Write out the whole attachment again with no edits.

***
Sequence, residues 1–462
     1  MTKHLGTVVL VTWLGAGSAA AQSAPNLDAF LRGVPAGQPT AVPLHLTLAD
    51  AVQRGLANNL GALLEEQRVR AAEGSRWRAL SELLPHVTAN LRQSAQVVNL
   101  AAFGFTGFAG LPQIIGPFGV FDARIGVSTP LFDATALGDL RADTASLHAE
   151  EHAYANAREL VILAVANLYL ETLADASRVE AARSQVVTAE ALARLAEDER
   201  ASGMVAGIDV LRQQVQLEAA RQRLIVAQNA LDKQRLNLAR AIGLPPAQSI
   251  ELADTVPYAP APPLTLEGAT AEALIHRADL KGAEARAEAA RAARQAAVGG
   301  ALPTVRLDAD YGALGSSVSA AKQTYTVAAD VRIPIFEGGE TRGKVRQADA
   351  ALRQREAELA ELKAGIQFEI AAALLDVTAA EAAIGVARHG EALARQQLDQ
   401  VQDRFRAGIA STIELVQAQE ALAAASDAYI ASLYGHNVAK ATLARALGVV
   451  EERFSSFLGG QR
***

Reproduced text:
Sequence, residues 1–462
     1  MTKHLGTVVL VTWLGAGSAA AQSAPNLDAF LRGVPAGQPT AVPLHLTLAD
    51  AVQRGLANNL GALLEEQRVR AAEGSRWRAL SELLPHVTAN LRQSAQVVNL
   101  AAFGFTGFAG LPQIIGPFGV FDARIGVSTP LFDATALGDL RADTASLHAE
   151  EHAYANAREL VILAVANLYL ETLADASRVE AARSQVVTAE ALARLAEDER
   201  ASGMVAGIDV LRQQVQLEAA RQRLIVAQNA LDKQRLNLAR AIGLPPAQSI
   251  ELADTVPYAP APPLTLEGAT AEALIHRADL KGAEARAEAA RAARQAAVGG
   301  ALPTVRLDAD YGALGSSVSA AKQTYTVAAD VRIPIFEGGE TRGKVRQADA
   351  ALRQREAELA ELKAGIQFEI AAALLDVTAA EAAIGVARHG EALARQQLDQ
   401  VQDRFRAGIA STIELVQAQE ALAAASDAYI ASLYGHNVAK ATLARALGVV
   451  EERFSSFLGG QR